Health Cover Social Charges and French Pensions
Tuesday 08 January 2013
Obtaining a French retirement pension could mean you lose your S1 health cover and pay more in taxes than you receive in pension income.
Although those who retire to France are not entitled to a French State retirement pension, if you start a business or take salaried employment you can earn such an entitlement through the social security (national insurance) contributions you pay.
However, when you finally decide to retire, prior employment or business activity in France by EEA nationals can have implications on the nature of your health cover and the social charges you will pay.
This is because if you are in receipt of a French retirement pension you become the responsibility of the French State for the purposes of health and social security rights.
That being the case you would not be eligible for an S1 (formerly E121) certificate of health cover from your home country. The S1 would otherwise give a retired person health cover in France through the reciprocal relationships that exist within the EEA.
The issue is governed by EC Regulations (EC) No 883/2004 and (EC) No 987/2009, which state that if you are in receipt of a State Pension from the country in which you are resident that by itself passes responsibility for health care (and administration of all pension rights) over to your host country, despite the fact that you may also be in receipt of a pension from your country of origin.
In relation to those in receipt of a State Pension the Regulations state:
For the right to benefits in kind (healthcare), the competent State, which bears the cost of the benefits, is: the Member State of residence, if the person concerned is in receipt of a pension from that State entitling him/her to benefits in kind (even where the person concerned is in receipt of pensions from one or more Member States)....
Now, in practice, it makes very little (if any) difference to the nature of the health cover you receive, as S1 health cover is provided on the same terms as French nationals.
Nevertheless, it does have tax implications, for those with S1 cover escape the payment of social charges on their pension income, whereas this is not the case for those in the French health system.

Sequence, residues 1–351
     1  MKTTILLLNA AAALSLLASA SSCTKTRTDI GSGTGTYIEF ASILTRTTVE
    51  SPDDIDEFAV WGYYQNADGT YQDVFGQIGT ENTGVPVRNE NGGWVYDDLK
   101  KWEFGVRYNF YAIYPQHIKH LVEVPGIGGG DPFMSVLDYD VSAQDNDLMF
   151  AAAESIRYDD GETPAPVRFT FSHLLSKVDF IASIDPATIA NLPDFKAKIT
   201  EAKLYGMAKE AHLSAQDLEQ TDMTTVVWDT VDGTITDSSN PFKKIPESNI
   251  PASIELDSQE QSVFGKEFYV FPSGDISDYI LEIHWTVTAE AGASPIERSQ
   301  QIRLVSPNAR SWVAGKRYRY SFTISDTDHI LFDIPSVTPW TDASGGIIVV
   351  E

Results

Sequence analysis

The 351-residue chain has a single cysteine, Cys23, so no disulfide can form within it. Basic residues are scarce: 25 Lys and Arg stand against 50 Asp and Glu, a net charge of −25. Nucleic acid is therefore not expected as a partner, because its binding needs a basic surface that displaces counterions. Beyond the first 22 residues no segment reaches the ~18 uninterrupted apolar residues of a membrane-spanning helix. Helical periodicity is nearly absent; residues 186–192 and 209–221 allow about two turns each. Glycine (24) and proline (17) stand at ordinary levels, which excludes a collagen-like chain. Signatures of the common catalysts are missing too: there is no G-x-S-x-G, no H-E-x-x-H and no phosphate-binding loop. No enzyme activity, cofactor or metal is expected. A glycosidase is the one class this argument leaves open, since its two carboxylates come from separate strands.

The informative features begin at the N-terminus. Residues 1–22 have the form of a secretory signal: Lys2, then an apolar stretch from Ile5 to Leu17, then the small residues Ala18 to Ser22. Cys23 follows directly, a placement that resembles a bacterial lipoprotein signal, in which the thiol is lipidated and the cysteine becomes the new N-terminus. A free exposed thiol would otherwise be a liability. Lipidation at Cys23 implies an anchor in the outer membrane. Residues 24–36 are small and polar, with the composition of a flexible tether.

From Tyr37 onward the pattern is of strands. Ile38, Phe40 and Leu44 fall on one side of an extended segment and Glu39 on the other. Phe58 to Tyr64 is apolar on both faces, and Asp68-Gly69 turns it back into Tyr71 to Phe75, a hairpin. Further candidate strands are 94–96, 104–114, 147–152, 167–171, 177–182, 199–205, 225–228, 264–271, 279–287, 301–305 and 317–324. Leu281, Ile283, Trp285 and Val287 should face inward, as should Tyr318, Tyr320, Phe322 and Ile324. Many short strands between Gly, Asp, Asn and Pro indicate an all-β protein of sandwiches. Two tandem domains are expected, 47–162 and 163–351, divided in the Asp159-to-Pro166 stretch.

Accordingly, on retirement, those with a French pension will be liable for social charges at the rate of 7.1% on all their pension income, including pensions from outside of France, where these are not otherwise exempt under a double taxation treaty, ie government service pensions.
There is some relief for those on modest incomes, for a reduced rate of 3.8% is payable by those who pay less than €61 in income tax (and around half the population in France pay no income tax), while those whose total income is below the level that would make them liable for the taxe d'habitation are completely exempt from the payment of the social charges on this income.
In addition, not everyone who starts a business will obtain pension rights; if this is the case, then on retirement you would obtain health cover through the reciprocal S1 arrangements, provided you were in receipt of a State Pension from your home EEA country.
The income needed to earn an entitlement to health cover does vary by the type of business activity (and thereby insurance fund) through which you are covered, but as the recent article we published on the Pension Rights of Auto-Entrepreneurs made clear, there are not inconsiderable turnover requirements necessary for those with this business tax status.